WHICH Charles S...... they were..."The Caterer S...." or the "Umbrella
S....", etc.

Talk about jigsaw puzzles! <g>

Babette Bloch


Re: naming after the living #general

tom klein <jewishgen@...>
 

i believe haviva langenauer's example is not quite correct:
although some people may do so, it is not
sephardic custom to name a child after their
living father - rather it is customary to
name a child for his grandfather.
in the example given, the baby would be named
"yakov BEN yosef", and his father wouid be
"yosef BEN yakov", and the grandfather would be
"yakov BEN yosef" ,etc.
the reversal is just because of the alternating
generations.

this makes tracing family lineages easier in one respect,
but it's very important to watch the birthdates.

tom klein, toronto

"Haviva Langenauer" <havival@bellsouth.net> wrote:

Dear Genners, The time has come to make a distinction between custom,
superstition, and law in Judaism. In Sephardic circles it is an honor
to name a child after a living relative. Often the name is reversed
so that the new baby is Yakov Yosef after a father named Yosef Yakov.
This is a tradition.
[snip!]

Haviva Dolgin Langenauer, Ph.D. Palm Beach, Florida


JewishGen Discussion Group #JewishGen Re: naming after the living #general

tom klein <jewishgen@...>
 

i believe haviva langenauer's example is not quite correct:
although some people may do so, it is not
sephardic custom to name a child after their
living father - rather it is customary to
name a child for his grandfather.
in the example given, the baby would be named
"yakov BEN yosef", and his father wouid be
"yosef BEN yakov", and the grandfather would be
"yakov BEN yosef" ,etc.
the reversal is just because of the alternating
generations.

this makes tracing family lineages easier in one respect,
but it's very important to watch the birthdates.

tom klein, toronto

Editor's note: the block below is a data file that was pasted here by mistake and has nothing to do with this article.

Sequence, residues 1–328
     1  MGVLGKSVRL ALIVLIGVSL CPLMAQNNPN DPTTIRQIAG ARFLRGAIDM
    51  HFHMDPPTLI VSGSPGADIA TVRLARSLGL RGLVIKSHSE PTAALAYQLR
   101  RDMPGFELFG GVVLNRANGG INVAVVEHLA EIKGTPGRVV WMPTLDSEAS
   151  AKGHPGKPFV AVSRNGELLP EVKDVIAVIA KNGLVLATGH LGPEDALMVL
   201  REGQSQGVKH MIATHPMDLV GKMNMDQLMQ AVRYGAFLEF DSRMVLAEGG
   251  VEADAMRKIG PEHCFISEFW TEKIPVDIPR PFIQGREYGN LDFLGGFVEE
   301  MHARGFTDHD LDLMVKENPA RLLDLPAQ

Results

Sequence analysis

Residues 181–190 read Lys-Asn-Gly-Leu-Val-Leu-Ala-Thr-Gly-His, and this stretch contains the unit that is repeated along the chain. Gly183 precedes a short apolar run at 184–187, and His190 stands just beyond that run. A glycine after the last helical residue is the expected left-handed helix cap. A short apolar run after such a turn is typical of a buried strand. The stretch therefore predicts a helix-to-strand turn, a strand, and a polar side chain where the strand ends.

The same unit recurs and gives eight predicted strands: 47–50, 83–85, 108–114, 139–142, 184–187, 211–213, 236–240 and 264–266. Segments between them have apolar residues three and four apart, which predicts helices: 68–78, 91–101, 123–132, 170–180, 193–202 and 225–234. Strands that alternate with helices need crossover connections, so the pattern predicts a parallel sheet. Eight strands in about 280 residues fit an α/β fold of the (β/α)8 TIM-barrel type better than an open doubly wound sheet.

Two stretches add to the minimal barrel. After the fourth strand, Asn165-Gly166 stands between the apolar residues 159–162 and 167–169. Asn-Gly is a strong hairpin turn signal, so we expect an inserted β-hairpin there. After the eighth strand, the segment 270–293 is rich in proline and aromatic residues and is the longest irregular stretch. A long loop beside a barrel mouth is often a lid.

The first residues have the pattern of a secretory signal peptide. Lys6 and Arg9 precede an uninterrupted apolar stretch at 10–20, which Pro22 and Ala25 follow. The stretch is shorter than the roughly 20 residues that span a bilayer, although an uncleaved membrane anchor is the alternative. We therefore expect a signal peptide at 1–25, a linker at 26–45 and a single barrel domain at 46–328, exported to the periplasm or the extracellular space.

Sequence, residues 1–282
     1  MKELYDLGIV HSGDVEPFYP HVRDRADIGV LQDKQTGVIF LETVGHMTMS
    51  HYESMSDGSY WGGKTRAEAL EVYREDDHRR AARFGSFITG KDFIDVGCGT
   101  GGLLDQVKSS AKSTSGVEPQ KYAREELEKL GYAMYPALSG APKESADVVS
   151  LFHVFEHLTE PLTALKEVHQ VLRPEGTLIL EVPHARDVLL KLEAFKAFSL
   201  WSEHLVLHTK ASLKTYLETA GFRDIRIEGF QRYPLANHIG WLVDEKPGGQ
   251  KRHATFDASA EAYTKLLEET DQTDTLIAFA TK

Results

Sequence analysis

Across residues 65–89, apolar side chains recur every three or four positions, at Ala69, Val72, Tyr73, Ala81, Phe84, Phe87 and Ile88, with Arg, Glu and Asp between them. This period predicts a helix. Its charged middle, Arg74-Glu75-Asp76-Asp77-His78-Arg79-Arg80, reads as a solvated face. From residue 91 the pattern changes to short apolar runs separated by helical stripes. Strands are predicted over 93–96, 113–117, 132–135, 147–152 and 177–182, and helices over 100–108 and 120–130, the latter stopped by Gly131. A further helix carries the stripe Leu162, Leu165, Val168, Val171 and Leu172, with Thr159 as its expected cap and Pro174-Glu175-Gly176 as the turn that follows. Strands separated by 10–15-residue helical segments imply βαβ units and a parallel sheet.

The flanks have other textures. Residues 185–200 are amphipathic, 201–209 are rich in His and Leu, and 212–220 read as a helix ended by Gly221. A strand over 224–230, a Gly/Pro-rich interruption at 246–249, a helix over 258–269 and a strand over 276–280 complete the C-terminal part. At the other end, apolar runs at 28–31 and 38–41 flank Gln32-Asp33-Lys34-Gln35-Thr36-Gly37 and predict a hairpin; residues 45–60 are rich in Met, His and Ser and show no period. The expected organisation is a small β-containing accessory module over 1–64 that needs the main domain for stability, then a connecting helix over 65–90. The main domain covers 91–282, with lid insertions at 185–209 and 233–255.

"Haviva Langenauer" <havival@bellsouth.net> wrote:

Dear Genners, The time has come to make a distinction between custom,
superstition, and law in Judaism. In Sephardic circles it is an honor
to name a child after a living relative. Often the name is reversed
so that the new baby is Yakov Yosef after a father named Yosef Yakov.
This is a tradition.
[snip!]

Haviva Dolgin Langenauer, Ph.D. Palm Beach, Florida


Re: Naming after the living--correction #general

MBernet@...
 

In a message dated 1/17/2003 2:07:25 AM Eastern Standard Time,
sallybru@wdcunet.net writes:

<< Western European Ashkenazi and Sephardi name babies after living or dead
ancestors-the first son is named after the father's father, the second after
the mother's father. The first daughter is named after the father's mother,
the second after the mother's mother. Then aunts' and uncles' names are
usually used. If your gr grandfather or his second wife were >from Germany,
they would think nothing of naming a baby after a living person. >>

==Please allow me to make a slight correction. I am rather familiar with
German Jewish naming patterns and have somewhat more than one German Jewish
ancestor--plus quite a few who lived in Western European countries other than
Germany.

==German Jews did not name children "after" a living ancestor. That was as
much a non-no as it was in Eastern Europe. Nor was there a hard-and-fast rule
about whom children were named after ; it was something worked out by the